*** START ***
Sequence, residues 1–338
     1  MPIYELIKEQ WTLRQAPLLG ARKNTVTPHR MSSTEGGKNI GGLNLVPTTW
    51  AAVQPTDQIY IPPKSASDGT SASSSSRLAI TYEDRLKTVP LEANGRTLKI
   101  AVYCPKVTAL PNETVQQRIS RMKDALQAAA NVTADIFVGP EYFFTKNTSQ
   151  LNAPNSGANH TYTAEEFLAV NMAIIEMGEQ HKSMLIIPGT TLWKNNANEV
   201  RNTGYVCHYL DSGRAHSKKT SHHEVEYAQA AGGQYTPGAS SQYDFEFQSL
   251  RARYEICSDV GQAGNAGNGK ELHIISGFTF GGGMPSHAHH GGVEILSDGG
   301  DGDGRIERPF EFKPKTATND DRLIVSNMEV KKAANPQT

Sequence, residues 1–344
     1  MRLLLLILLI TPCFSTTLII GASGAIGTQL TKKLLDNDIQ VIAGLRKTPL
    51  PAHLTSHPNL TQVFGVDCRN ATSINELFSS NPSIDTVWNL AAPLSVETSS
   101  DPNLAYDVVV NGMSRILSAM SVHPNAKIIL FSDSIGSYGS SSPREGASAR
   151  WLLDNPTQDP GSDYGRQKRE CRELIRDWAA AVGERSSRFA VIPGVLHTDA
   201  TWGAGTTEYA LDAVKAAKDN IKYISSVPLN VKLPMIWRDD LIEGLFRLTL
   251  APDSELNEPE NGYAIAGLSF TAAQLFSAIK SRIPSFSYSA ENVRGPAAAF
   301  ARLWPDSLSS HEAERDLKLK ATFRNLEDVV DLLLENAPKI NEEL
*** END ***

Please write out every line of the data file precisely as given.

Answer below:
Sequence, residues 1–338
     1  MPIYELIKEQ WTLRQAPLLG ARKNTVTPHR MSSTEGGKNI GGLNLVPTTW
    51  AAVQPTDQIY IPPKSASDGT SASSSSRLAI TYEDRLKTVP LEANGRTLKI
   101  AVYCPKVTAL PNETVQQRIS RMKDALQAAA NVTADIFVGP EYFFTKNTSQ
   151  LNAPNSGANH TYTAEEFLAV NMAIIEMGEQ HKSMLIIPGT TLWKNNANEV
   201  RNTGYVCHYL DSGRAHSKKT SHHEVEYAQA AGGQYTPGAS SQYDFEFQSL
   251  RARYEICSDV GQAGNAGNGK ELHIISGFTF GGGMPSHAHH GGVEILSDGG
   301  DGDGRIERPF EFKPKTATND DRLIVSNMEV KKAANPQT

Sequence, residues 1–344
     1  MRLLLLILLI TPCFSTTLII GASGAIGTQL TKKLLDNDIQ VIAGLRKTPL
    51  PAHLTSHPNL TQVFGVDCRN ATSINELFSS NPSIDTVWNL AAPLSVETSS
   101  DPNLAYDVVV NGMSRILSAM SVHPNAKIIL FSDSIGSYGS SSPREGASAR
   151  WLLDNPTQDP GSDYGRQKRE CRELIRDWAA AVGERSSRFA VIPGVLHTDA
   201  TWGAGTTEYA LDAVKAAKDN IKYISSVPLN VKLPMIWRDD LIEGLFRLTL
   251  APDSELNEPE NGYAIAGLSF TAAQLFSAIK SRIPSFSYSA ENVRGPAAAF
   301  ARLWPDSLSS HEAERDLKLK ATFRNLEDVV DLLLENAPKI NEEL